Monahan v. Toro Co., 856 F. Supp. 955 (E.D. Pa. 1994)

U.S. District Court for the Eastern District of Pennsylvania - 856 F. Supp. 955 (E.D. Pa. 1994)
June 30, 1994

856 F. Supp. 955 (1994)

Harry T. MONAHAN, Executor of the Estate of Janice L. Monahan, Deceased, and Harry T. Monahan in his own right

Civ. A. No. 92-6843.

United States District Court, E.D. Pennsylvania.

June 30, 1994.

*956 *957 Justin J. McCarthy, Exton, PA, for plaintiffs.

Mary P. Fritz, William Manning, Minneapolis, MN, for defendant.


DITTER, District Judge.

This case involves a tragic, fatal accident in which a lawn tractor overturned and the plaintiff's wife was killed. The defendant, the Toro Company, moved for summary judgment, asserting that the lawn tractor at issue in this case was not unreasonably dangerous as a matter of law and that Toro was not negligent with respect to the tractor's design or safety warnings. I heard oral argument on the motion. For the reasons set forth below, defendant's motion is being granted.


On May 19, 1992, Janice Monahan ("Mrs. Monahan") was mowing the lawn of the Monahan family home using a Wheelhorse[1] Model 416-8 garden tractor. The tractor overturned and landed upside down on Mrs. Monahan, who died as a result of mechanical asphyxiation due to compression of her chest. Consultants determined that the tractor had been moving down a slope in reverse when the rollover occurred.

The tractor was manufactured by Wheelhorse Products, Inc. ("Wheelhorse") in 1988. The tractor is powered by a 16 horsepower engine and has a 48-inch mower deck. It is offered only in two-wheel drive. The weight of the mower is disputed. Toro claims that the tractor weighs about 670 pounds with the mower deck, while plaintiff claims that the weight of the tractor is 740 pounds.[2] The Model 416-8 lawn tractor is not equipped with a Roll Over Protection System ("ROPS"); the significance of Toro's *958 failure to provide a ROPS is a major point of contention in this lawsuit.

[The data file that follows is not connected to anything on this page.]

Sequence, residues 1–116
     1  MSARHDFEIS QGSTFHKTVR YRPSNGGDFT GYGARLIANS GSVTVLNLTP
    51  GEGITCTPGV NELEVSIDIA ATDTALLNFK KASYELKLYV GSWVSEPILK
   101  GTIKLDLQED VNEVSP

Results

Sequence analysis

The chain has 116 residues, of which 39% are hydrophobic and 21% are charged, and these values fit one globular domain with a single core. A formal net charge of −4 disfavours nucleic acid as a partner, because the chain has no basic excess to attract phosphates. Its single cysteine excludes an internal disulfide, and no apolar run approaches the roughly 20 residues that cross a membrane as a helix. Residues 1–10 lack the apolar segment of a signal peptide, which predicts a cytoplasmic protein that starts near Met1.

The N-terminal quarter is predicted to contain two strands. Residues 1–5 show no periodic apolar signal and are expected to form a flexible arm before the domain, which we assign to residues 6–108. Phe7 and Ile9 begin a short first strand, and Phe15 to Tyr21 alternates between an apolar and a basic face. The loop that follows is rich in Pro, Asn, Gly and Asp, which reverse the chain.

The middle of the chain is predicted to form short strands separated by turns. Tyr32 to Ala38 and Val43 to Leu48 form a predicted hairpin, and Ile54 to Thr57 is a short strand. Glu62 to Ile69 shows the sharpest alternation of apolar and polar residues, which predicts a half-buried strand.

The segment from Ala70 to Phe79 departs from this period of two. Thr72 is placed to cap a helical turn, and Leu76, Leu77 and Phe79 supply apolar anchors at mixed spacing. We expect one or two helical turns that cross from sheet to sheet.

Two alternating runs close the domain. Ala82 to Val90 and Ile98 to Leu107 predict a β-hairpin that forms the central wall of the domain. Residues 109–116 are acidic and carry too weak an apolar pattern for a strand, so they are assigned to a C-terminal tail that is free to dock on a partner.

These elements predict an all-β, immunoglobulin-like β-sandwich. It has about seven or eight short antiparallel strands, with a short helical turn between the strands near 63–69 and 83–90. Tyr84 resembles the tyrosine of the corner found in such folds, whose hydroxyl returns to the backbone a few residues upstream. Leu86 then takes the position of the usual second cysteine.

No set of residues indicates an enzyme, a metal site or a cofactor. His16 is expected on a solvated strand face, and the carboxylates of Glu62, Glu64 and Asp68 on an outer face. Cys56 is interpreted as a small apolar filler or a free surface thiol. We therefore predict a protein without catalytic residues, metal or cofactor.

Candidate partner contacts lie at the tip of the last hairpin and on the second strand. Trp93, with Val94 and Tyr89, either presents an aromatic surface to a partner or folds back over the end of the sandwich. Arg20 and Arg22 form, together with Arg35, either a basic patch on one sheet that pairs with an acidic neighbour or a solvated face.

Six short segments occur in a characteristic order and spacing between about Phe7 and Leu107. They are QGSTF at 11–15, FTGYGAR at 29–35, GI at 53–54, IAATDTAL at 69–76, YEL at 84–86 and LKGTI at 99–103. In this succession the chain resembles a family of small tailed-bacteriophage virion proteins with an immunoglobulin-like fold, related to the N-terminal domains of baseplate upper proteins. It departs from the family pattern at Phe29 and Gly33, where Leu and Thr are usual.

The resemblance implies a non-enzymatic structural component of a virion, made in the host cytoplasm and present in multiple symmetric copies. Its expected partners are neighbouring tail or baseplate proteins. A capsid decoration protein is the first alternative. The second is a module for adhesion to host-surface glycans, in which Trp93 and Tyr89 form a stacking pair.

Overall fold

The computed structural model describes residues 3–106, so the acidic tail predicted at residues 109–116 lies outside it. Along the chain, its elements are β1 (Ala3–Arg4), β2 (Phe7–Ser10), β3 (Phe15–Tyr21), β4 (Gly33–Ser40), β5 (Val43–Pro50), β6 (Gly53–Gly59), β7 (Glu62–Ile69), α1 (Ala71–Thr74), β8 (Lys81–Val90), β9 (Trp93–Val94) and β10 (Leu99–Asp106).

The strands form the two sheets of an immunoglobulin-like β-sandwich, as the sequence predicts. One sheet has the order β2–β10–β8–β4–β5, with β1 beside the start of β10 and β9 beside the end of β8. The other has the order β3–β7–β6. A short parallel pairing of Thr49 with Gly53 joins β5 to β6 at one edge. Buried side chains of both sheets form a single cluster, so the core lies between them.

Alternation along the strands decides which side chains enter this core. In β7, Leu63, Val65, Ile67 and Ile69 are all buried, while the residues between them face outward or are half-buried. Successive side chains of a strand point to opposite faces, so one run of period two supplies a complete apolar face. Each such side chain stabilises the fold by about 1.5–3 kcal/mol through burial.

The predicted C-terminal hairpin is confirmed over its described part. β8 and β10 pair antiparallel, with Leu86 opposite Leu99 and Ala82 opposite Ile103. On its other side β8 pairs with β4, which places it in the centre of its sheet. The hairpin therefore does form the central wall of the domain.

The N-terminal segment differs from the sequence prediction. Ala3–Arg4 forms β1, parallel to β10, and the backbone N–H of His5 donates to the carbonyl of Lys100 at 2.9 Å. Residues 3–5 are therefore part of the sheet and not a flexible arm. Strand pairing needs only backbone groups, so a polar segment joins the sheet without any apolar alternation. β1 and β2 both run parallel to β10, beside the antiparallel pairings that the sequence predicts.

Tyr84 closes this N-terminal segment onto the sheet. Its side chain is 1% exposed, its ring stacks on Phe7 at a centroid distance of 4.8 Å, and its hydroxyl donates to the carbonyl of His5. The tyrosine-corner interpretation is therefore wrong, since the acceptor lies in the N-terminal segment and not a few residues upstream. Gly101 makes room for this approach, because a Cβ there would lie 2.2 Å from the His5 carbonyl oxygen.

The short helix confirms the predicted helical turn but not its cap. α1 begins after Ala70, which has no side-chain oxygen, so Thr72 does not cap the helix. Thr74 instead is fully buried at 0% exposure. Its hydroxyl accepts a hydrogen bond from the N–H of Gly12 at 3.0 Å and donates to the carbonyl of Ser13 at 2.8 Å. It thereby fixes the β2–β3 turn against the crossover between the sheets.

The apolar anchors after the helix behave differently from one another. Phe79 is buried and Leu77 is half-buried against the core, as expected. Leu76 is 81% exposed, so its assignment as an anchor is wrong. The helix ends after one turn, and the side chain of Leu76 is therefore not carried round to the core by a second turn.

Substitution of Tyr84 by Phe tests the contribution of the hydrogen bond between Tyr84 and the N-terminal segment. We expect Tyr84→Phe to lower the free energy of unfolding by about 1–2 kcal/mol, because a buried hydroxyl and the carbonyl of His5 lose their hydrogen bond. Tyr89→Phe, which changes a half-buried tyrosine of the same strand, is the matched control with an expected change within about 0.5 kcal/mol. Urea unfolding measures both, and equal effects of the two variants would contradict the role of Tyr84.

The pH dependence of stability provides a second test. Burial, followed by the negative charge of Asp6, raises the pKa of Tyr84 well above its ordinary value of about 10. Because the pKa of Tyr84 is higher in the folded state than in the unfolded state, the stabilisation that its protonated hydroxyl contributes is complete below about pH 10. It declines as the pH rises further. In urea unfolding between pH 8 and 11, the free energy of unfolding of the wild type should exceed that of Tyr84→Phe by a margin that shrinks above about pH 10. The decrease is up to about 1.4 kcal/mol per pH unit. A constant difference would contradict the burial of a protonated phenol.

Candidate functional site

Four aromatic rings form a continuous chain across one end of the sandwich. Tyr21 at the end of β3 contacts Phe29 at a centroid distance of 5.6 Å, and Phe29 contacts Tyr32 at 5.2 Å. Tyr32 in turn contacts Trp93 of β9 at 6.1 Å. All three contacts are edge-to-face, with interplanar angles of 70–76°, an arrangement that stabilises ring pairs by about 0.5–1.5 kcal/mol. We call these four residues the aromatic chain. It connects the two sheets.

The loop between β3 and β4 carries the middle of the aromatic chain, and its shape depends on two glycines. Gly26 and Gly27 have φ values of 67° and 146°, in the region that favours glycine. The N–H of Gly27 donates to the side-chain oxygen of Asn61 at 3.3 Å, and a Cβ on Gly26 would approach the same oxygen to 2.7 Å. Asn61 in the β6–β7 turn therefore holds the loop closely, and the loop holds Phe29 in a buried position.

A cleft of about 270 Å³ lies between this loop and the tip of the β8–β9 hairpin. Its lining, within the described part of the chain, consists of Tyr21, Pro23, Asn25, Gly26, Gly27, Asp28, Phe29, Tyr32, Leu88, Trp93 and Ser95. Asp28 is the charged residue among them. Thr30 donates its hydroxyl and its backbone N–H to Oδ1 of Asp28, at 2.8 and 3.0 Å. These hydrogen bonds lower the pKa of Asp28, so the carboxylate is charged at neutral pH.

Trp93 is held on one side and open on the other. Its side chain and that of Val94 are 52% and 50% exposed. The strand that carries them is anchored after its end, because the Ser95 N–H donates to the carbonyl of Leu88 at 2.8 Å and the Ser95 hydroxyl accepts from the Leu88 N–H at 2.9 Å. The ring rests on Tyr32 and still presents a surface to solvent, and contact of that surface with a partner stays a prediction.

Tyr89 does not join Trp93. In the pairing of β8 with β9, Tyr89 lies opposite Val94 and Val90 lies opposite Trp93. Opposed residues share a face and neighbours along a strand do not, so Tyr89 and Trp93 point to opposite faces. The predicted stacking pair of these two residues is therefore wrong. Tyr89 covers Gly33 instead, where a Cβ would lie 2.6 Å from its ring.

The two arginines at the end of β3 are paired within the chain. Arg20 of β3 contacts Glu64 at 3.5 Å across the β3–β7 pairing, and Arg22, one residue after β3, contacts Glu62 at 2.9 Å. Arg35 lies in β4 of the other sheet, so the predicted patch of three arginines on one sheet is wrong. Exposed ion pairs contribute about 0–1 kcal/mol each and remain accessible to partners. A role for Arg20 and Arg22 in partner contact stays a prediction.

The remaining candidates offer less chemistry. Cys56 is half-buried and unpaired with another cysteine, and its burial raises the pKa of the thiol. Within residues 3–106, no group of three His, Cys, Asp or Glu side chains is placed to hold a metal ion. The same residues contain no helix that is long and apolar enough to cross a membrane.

Plaintiff filed suit against Toro, alleging negligence, strict liability, and breach of warranty. Toro's negligence, Mr. Monahan claims, consists of failing to design and install a sufficiently safe braking system; failing to design a sufficiently stable lawn tractor; failing to equip the tractor with a ROPS; and failing to warn Mrs. Monahan adequately of the risks involved in operating the tractor. Plaintiff's strict liability claim rests on the ground that the tractor was defective for these reasons. The breach of warranty claim alleges that the tractor was not merchantable and not fit for its ordinary, intended use.

Toro moved for summary judgment, claiming both that its tractor was not unreasonably dangerous as a matter of law, and that it was not negligent with regard to either the tractor's design or warnings. Summary judgment is appropriate because, where there are disputed issues of material fact, I have accepted plaintiff's version of them. Neither side disputes that Pennsylvania law governs this case.


Pennsylvania has adopted Section 402A of the Restatement (Second) of Torts. Webb v. Zern, 422 Pa. 424, 220 A.2d 853 (1966). That section provides, "One who sells any product in a defective condition unreasonably dangerous to the user or consumer ... is subject to liability for physical harm thereby caused to the ultimate user or consumer...." Griggs v. BIC Corp., 981 F.2d 1429, 1431 n. 3 (3d Cir. 1992). "Unreasonably dangerous" is not an independent concept under Pennsylvania law. Rather, it represents a judicial determination that, as a matter of policy, the risk of loss should be placed on the supplier of a product. Id. at 1432 n. 4, 1433 (citation omitted). State law is clear that the court, not the jury, decides the threshold question of whether a product is "unreasonably dangerous." Azzarello v. Black Bros. Co., Inc., 480 Pa. 547, 391 A.2d 1020, 1026 (1978). If the court determines that the risk of loss should be placed on the manufacturer, the factfinder then decides whether the product was sold in a defective condition as alleged. Id. 391 A.2d at 1025-26. Thus, unless the trial court resolves the issue of "unreasonably dangerous" in the plaintiff's favor, the issue of defectiveness is not submitted to the jury. Shetterly v. Crown Controls Corp., 719 F. Supp. 385, 389 (W.D.Pa.1989), aff'd, 898 F.2d 142 (3d Cir. 1990). The court determines unreasonable dangerousness using a risk-utility analysis. Id. at 389; Jordon by Jordon v. K-Mart Corp., 417 Pa.Super. 186, 611 A.2d 1328, 1330 (1992).